Typically the longer you shop, the less likely you are to make smart shopping decisions. If you have items that you need in the middle aisles, buy them first. Those aisles tend to be the highest marked up in price and the unhealthiest. Get in and get out as fast as you can! Once you are done, shop around the edges of the store. So here’s what your list would look like: Cheerios, Soup, Bread, Whole Wheat Flour, Chips, Milk, Yogurt, Lunchmeat, Hamburger, Grapes and Lettuce.
If you take a minute and organize your list by store aisle, it will also reduce the number of times you have to walk up and down the aisles. Less time in the store is extra savings as you won’t be tempted to buy more things. Once you get more familiar with the layout of your store, the better you’ll be at this. Some stores even offer an aisle-by-aisle map of where all the food is located. Ask them for one!
The next thing we are going to tackle is impulse buys. Impulse buys are what take us from a smart $100 a week budget to $200 very quickly! The chance for adding impulse items increases if we are tired or hungry. So here’s a few rules of shopping to always follow:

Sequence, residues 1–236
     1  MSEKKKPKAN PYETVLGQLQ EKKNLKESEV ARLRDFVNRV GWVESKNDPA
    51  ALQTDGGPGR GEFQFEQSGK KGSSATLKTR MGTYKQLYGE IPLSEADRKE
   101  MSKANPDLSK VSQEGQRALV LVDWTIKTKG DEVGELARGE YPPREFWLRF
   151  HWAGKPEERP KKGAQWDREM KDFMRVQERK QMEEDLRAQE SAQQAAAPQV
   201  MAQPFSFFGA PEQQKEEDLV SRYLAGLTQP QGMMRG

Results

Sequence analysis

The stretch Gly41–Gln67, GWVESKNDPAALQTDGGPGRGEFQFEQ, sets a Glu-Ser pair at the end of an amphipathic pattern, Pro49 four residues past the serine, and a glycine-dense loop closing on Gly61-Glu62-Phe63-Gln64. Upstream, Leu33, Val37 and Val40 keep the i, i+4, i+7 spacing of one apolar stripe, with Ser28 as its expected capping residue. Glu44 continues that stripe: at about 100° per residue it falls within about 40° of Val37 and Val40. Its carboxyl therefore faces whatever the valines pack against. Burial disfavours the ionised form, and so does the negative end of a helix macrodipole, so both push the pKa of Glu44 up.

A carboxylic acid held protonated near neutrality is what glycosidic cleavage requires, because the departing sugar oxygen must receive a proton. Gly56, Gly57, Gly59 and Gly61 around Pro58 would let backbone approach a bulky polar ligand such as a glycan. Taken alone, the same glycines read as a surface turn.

1) Never shop if you don’t have time. You’ll never go in and just grab milk. You’ll add so many things in your cart. Find an alternative meal/drink until you can shop with plenty of time.
2) Never shop without a list. Most of you have smartphones. Use the notes field for your list or some fancy app that’s out there. That way you won’t leave it at home.
3) Have an idea of how much you are going to spend so when you checkout, you know if something might not have been priced correctly.
4) Never shop hungry. I like to keep granola bars or something similar in my car in case I feel a little hungry. It’s enough to get you through the trip.
5) Put all “impulse” items in one area of your shopping cart. Stop before you checkout and look at all of them and ask yourself, “Do I need this?”
6) Set a 10+ day rule where you need to make yourself think about any higher-priced purchases at any of the stores where you shop. Create a “wishlist” online and then check it later. You’ll be surprised at how many items you saved money on because you didn’t buy them.
7) Remember your long-term goal and that all impulse buys take away from it.